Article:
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    AI Content Rising, China’s Bilibili Rolls Out New Labeling System

    Bilibili’s new system also includes tags for dangerous behavior, excessive consumption, and potential discomfort, but prioritizes AI-generated content when multiple labels are applicable.

    To avoid potential misunderstandings among viewers, Bilibili, China’s popular platform known for its long-form videos, has announced that, starting Wednesday, creators will be required to label videos that contain AI-generated content. 

    In addition to AI-generated content, Bilibili will now also offer labels for videos containing dangerous behavior, excessive consumption, potential discomfort, and personal opinions, as well as for videos that are meant for entertainment only. However, each video can only carry one label. According to Bilibili, when multiple elements in a video require labeling, AI-generated content will be prioritized.

    In an official statement, Bilibili underscored that the new labeling system has been introduced to “avoid misunderstandings,” and that the platform reserves the right to modify labels if they are deemed incorrect. 

    In May, Douyin, the Chinese version of TikTok, mandated content creators to prominently label AI-generated content to help users distinguish between virtual and real content. Chinese consultancy LeadLeo has estimated that the proportion of AI-generated content online will surge from under 1% in 2021 to 25% by 2026, with the market value potentially growing from 1 billion yuan ($144 million) to 70 billion yuan in the same period.

    Unlike Douyin’s short video format, Bilibili is renowned for its in-depth videos and has experienced a surge in AI-related content. According to Bilibili’s CEO Chen Rui, the platform saw a year-on-year increase of over 86% in AI-related video uploads, with ChatGPT-related videos alone amassing over 200 million views.

    While Bilibili is experiencing a surge in AI-related content, the power and influence of this technology on the platform haven’t come without concerns, especially regarding the spread of misleading information.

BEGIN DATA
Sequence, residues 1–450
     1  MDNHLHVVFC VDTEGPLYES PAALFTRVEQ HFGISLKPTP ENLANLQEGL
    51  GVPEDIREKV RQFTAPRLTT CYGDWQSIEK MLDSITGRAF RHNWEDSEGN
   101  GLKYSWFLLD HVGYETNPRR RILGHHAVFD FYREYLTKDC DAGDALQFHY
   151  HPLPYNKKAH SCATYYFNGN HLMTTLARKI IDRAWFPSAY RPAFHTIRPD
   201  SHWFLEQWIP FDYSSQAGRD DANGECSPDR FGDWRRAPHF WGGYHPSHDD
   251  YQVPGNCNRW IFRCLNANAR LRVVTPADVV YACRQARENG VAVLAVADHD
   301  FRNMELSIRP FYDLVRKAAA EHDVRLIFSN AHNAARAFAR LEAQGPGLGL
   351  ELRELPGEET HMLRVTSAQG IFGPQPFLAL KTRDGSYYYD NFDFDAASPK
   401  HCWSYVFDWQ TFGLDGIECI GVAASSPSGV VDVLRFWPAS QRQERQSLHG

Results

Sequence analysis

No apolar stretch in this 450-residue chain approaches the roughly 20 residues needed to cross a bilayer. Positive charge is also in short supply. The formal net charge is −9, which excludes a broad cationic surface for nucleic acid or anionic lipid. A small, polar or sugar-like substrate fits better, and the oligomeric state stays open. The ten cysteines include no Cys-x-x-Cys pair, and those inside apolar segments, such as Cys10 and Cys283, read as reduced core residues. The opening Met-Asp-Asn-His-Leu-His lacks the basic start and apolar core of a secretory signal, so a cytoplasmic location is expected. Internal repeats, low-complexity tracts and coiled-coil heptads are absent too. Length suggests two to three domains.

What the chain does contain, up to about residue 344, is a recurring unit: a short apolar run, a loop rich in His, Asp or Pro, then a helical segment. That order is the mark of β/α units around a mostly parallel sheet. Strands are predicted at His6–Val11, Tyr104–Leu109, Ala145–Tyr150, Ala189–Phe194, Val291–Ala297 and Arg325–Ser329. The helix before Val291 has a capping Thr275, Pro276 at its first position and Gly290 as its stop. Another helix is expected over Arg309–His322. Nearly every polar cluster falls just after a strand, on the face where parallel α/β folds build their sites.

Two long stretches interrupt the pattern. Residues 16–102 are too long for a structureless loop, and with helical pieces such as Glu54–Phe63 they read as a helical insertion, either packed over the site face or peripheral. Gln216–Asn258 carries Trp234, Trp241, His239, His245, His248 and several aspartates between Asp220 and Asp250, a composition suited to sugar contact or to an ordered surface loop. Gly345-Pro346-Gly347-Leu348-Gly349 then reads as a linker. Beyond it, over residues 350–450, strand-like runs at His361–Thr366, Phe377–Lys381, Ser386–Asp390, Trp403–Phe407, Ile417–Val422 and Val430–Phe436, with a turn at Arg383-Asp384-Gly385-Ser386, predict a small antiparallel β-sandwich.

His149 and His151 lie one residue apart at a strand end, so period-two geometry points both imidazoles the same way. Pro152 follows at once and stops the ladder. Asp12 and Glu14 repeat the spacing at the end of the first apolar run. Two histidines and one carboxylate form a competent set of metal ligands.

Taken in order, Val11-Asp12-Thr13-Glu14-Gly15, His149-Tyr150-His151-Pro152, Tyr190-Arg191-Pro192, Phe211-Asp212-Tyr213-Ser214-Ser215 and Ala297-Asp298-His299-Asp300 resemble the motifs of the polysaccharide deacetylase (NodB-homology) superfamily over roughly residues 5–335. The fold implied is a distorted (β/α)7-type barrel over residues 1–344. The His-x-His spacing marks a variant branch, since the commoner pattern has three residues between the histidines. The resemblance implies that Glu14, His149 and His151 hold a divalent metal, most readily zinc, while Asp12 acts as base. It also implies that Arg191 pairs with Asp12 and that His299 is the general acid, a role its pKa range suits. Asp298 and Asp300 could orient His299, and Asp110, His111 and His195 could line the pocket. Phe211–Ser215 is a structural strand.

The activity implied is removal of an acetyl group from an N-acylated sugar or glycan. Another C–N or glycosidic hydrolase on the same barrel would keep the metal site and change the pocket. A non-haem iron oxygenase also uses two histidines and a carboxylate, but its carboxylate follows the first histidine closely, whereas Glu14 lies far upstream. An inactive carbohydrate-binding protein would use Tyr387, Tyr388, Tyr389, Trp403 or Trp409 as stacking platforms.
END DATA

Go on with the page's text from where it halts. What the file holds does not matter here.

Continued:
For instance, in May, AI-generated songs mimicking the voice of popular Singaporean singer Sun Yanzi gained widespread attention. Accompanying videos have garnered 2.8 million views and propelled a trend in AI-produced song covers. 

    However, legal experts have voiced reservations. One lawyer, in a conversation with state broadcaster CCTV, raised the concern of potential portrait rights violations. Moreover, the emergence of virtual singers poses a risk of deception and concerns about unfair competition in the industry.

    Zhu Wei, vice director of the Communication Law Research Center at the China University of Political Science and Law stressed the vital role of labeling AI-generated content to enhance information security and curb the spread of rumors.

    Zhu told Sixth Tone: “AI-generated content isn’t searchable on other platforms, leading to the spread of unverified rumors. Labeling AI-produced content as such is crucial in this context.” 

    However, Zhu voiced concerns over the current system, noting that one label might be insufficient. “From the legal perspective, no priority is given, so only one label may not be enough,” Zhu said. “Since the platform is offering labels, I suggest adding two or even three labels.”

    Along with the labeling system, Bilibili has also introduced new requirements for content creation. Videos discussing news, social trends, and public policies must now specify the location and time of the sourced materials. The platform also said it would soon launch a dedicated system for reproduced content, mandating that any reshared materials clearly attribute their original source before publishing.

    Editor: Apurva. 

    (Header image: VCG)